early fall roasted tomatoes

Posted by on Sep 28, 2016 in fall recipes, healthy food, Recipes, seasonal | 0 comments

fullsizerender-16There is always inspiration to be had when faced with the bounty of late summer – early fall vegetables.

One such vegetable, shall we say fruit (!), the juicy and refreshing tomato was the perfect suspect for a seasonal food transition from warm to cooler weather.

Instead of chopping it up into a salad, it was time to turn on the oven and bring out the deep sweetness that comes from roasting these gems.

What came out on the other end, was a mouthwatering, caramelized treat that lends itself useful in many dishes.

The versatility and pure deliciousness of this humble roasted tomato allowed for the seasonal transition to be that much sweeter!

Ingredients: 

  • End of summer tomatoes
  • Olive oil, drizzle
  • Salt, to taste

Directions: 

1) Prep: Preheat your oven to 325F. Quarter your tomatoes, and arrange on a sheet pan. Drizzle olive oil, sprinkle with salt.

2) Cook: Let them cook and bubble for 20-25 minutes, until nicely caramelized and fragrant.

3) Eat: Enjoy on fresh bread with avocado and grilled chicken (as seen in the picture), make into a sauce, use on pizza, add to frittatas, puree and use as a sandwich topping…the possibilities are endless!

This post was written by Flora McKay, Director of Community & Nutrition

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School’s Back! Cooking Class Kick Off with Kobocha Squash Curry

Posted by on Sep 14, 2016 in Thanksgiving, cranberries, recipes | 0 comments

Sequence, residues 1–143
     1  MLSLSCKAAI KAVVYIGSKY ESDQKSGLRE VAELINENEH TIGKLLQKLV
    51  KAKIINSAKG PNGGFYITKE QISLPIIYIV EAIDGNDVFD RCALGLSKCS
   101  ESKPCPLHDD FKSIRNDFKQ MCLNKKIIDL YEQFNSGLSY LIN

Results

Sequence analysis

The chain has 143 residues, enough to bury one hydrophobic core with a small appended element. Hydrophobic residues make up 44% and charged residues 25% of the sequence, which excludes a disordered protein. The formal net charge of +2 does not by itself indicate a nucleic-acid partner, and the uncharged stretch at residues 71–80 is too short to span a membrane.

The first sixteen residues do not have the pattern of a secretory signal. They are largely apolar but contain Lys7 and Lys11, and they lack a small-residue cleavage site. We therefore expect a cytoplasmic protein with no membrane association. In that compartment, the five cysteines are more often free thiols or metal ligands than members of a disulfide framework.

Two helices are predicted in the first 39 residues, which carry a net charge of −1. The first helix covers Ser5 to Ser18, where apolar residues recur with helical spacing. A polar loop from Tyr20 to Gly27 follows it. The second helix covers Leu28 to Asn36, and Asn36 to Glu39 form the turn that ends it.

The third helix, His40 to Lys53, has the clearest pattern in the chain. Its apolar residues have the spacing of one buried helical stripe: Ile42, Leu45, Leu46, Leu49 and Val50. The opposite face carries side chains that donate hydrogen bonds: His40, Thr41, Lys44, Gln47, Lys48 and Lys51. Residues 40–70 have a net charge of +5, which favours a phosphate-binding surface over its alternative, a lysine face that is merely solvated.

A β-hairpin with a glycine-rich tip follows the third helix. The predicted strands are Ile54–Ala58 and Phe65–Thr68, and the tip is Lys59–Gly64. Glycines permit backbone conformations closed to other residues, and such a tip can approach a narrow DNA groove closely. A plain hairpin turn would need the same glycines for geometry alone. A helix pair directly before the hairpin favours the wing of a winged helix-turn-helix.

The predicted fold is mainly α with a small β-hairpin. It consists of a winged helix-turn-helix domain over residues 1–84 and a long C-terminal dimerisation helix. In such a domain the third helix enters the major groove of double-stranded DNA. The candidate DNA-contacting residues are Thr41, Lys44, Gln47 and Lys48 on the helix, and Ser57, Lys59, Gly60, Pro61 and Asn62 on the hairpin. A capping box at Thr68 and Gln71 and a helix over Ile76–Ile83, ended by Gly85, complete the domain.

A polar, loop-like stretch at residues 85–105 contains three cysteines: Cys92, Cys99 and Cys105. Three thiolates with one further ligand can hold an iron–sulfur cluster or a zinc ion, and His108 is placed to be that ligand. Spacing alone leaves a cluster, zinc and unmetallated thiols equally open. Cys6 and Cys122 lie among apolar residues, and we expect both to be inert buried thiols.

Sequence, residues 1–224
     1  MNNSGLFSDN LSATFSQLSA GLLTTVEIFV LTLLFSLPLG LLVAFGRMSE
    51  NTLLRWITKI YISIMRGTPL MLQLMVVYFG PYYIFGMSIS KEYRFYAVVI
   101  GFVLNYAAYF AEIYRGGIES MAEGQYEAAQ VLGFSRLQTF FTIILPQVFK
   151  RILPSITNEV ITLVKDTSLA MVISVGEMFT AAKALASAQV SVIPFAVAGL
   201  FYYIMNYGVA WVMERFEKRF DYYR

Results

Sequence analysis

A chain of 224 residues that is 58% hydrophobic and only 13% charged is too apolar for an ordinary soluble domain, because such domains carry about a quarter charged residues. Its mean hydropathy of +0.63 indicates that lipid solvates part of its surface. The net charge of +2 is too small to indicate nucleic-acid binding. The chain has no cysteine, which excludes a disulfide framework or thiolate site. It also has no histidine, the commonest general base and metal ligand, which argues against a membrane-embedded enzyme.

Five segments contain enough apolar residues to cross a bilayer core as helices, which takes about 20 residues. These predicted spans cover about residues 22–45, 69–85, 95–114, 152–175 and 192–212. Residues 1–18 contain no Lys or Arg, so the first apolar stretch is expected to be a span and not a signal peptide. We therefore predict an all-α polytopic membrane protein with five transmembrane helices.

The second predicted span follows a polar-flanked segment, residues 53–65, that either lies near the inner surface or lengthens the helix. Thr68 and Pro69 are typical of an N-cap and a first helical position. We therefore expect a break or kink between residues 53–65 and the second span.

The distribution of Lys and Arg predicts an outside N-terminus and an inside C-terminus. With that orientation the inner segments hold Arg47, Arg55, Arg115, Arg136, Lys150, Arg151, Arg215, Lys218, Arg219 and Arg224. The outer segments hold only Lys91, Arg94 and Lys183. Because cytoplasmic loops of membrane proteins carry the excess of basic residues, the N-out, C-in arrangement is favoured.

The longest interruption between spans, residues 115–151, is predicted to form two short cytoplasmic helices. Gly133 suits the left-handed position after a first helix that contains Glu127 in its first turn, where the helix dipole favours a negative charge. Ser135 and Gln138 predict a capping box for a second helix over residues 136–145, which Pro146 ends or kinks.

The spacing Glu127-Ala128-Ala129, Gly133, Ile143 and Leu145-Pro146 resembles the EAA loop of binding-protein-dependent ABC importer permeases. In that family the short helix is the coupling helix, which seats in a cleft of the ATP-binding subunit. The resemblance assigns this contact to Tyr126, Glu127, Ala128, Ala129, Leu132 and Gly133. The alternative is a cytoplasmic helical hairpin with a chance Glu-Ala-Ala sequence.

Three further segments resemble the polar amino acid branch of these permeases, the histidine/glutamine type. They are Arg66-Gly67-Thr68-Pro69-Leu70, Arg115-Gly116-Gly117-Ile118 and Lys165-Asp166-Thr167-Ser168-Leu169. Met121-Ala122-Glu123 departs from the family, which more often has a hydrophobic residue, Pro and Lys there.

School’s back in session and we kicking off our cooking classes with a bang!

We are so thrilled for the year ahead with new programs ranging from pre-k to high school! This week we are making delicious Kabocha Squash Curry and Bok Choi Stir Fry. Kobocha Squash (also called a Japanese Pumpkin) is a sweeter winter squash than its cousins, the acorn squash or butternut squash. It has the taste of a mix between sweet potato and butternut squash.

kabocha

We are using the Kombocha Squash in a sweet Thai Curry. While the word “curry” refers to the mixture of spices used in the dish, which vary widely between countries and cultures, we are focusing our global spotlight this week on the cuisine of Thailand. In certain parts of Thailand, coconut milk is used in curries to diffuse the rich flavors of the spices throughout the entire curry. It certainly makes this dish rich and flavorful!

So, join us at the dinner table with this delicious Kabocha Squash Curry and Bok Choi Stir Fry! 

Registration for Butter Beans Cooking Classes is still open at many schools! Don’t have Butter beans Cooking Classes at your school yet? Email us at classes@butterbeanskitchen.com to inquire about upcoming cooking opportunities. You can also join our Newsletter to keep up to date with food-focused community events, recipes, and stories, and more!

Kabocha Squash Curry and Bok Choi Stir Fry

THAI SQUASH CURRY

  • 1 cup brown rice (quick cooking)
  • 1 T sesame oil
  • 1 yellow onion
  • 2 garlic cloves
  • 1 T fresh gingerroot, grated
  • 1 t curry powder
  • 1 t turmeric (opt)
  • 1 t ginger
  • ½ t cumin
  • 1 kabocha squash
  • 2 carrots
  • ½ head cauliflower
  • 1 can coconut milk
  • 2 T soy sauce
  • ¼ cup water

BOK CHOY STIR-FRY

  • 2 T sesame oil
  • 1 garlic clove
  • 1 can black beans
  • 2 bunch bok choy
  • Sesame seeds for garnish
  • Salt, pepper to taste

INSTRUCTIONS